Back in Northfield, a lack of political will to change policy, planning and projects to provide alternatives to private automobiles – walking, cycling, transit persists.  There are certainly leaders around town and, at the moment, a majority of the Council who are interested in increasing transportation options.  But I don’t think these individuals and the bare majority of votes constitute political will, but more like dedicated opposition to the status quo.  Small progress is made here and there, but there is no commitment of the City Council, staff and appointed leaders to build non-motorized transportation into the budget, planning and life of the city.  That would be political will.

Here in Cambridge and the UK, there’s political engagement at higher levels of government – if Northfield’s state representatives and Minnesota’s Congressional delegation were as active as MP Huppert in pursuing cycling policy with their parties and the legislature, that would be a big step up and forward.  There’s no discussion of get the US Cycling as there is to Get Britain Cycling, for example.

But I sense Mr Huppert is a strong leader who is still working to get the attention of Cambridge and broader coalitions in Parliament and still trying to generate the needed political will to create different transportation vision where cycling is common, safe and legitimate and (the real issue) resources are allocated to make it real.

Apparently the UK government is not doing much about bicycles (nor cycling, I tried both terms)

 

 

Across the pond, happily

Yes, the blog has been silent of late.  I’m now writing from Cambridge, England and it took a bit of time and effort to accomplish the relocation.  Worth it, though.

Cattle in (the middle of) Cambridge

Cattle in (the middle of) Cambridge

Cambridge, like Northfield, is a city of cows and colleges but with more of both: Cambridge University has 31 colleges plus Anglia Ruskin University; the cows are not only within the city limits, but right downtown. But, the time and space scales are very different: Cambridge is about 6 times larger than Northfield in population occupying about the same square footage.  By 1855 when Northfield was founded, Cambridge University had been around for more than half a millennium.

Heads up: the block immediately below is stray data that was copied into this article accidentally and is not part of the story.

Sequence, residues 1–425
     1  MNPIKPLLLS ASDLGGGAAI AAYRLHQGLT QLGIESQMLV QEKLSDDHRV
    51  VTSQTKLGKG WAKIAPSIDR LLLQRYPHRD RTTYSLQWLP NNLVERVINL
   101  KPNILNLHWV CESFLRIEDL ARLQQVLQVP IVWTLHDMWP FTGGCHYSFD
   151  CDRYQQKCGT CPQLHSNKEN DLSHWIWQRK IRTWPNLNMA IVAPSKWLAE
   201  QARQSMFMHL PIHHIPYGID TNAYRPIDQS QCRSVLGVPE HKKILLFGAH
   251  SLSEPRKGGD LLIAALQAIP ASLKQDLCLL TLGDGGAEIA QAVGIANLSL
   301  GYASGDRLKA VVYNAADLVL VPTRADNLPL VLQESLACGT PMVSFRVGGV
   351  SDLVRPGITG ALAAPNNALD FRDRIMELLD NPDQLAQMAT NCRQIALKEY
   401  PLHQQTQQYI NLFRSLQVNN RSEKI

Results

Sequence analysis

Kings College with cow

Kings College with cow

I have been thinking about bicycles – both because I have become the accidental cycling advocate, but also because I am just seeing so many regular folks cycling around Cambridge – old people, kids, people in suits, families, cargo bikes, shoppers, workers.  You know, cycling for transportation in regular clothes while talking on your mobile phone – just like driving!  There are cycle tracks, bike lanes on streets, bike-specific signals and lots of bike parking.  The very center of Cambridge is a pedestrian and cycle only area.  There’s a national-level Get Britain Cycling Campaign (here are the recommendations including a £10 per person/per year budget increasing to £20 – if Northfield adopted such a budget/policy locally that would be $315,000 for cycling annually) and Parliament itself just had a debate (transcript here) championed by the MP from Cambridge, Julian Huppert.

Compared to Northfield, Cambridge cycling looks pretty amazing.  Cycling for transport is so rare in Northfield that most of the real planning and infrastructure questions aren’t even on the horizon (yet).  In Cambridge, there are many, many more cyclists (18% of adults cycle to work – the highest proportion in England – and 47% cycle at least once a week – but perhaps exaggerated), more car traffic, narrower streets and more constraints (regulatory, architectural, etc.); the problems of cycling access and safety become regular transportation issues.  So, while there is much more bicycle infrastructure, it is not complete nor always well designed (and new development does not always consider cycling appropriately).

Improvements to a difficult 5-way intersection

And, sadly, Cambridge is not immune from the slings and arrows of outrageous politicians.

Meanwhile, back in Northfield, the TIGER trail had no bids for construction, but will be re-bid this Fall.  TIGER funds continue to be awarded for retrofitting the auto transportation system for other modes of transportation and in support of Complete Streets.  As Secretary of Transportation Anthony Foxx noted “This is investment. It’s investment in safety. It’s investment in community. It’s investment in mobility.”  Minnesota State Senator Scott Dibble (from an interview with Streetfilms) said of the Sabo Bridge

“There’s been some criticism about the amount of money we spend on these facilities…But when you do the head count and you really do the cost/benefit analysis, and compare that to how much money we put into the transportation infrastructure for cars — and you look at the benefit, in terms of transportation, in terms of connecting communities, in terms of livability, quality of life and just how it makes people feel about where they live — it just can’t even be compared.”

And, I’d add for Northfield’s TIGER trail, it’s spending to increase the productivity of the existing transportation network by creating a new link between the two halves of town at a very small (compared to auto-spending) cost.

I wonder how the conversation would change if we had (1) Cambridge rates of cycling and (2) elected leaders at the local and state level championing cycling.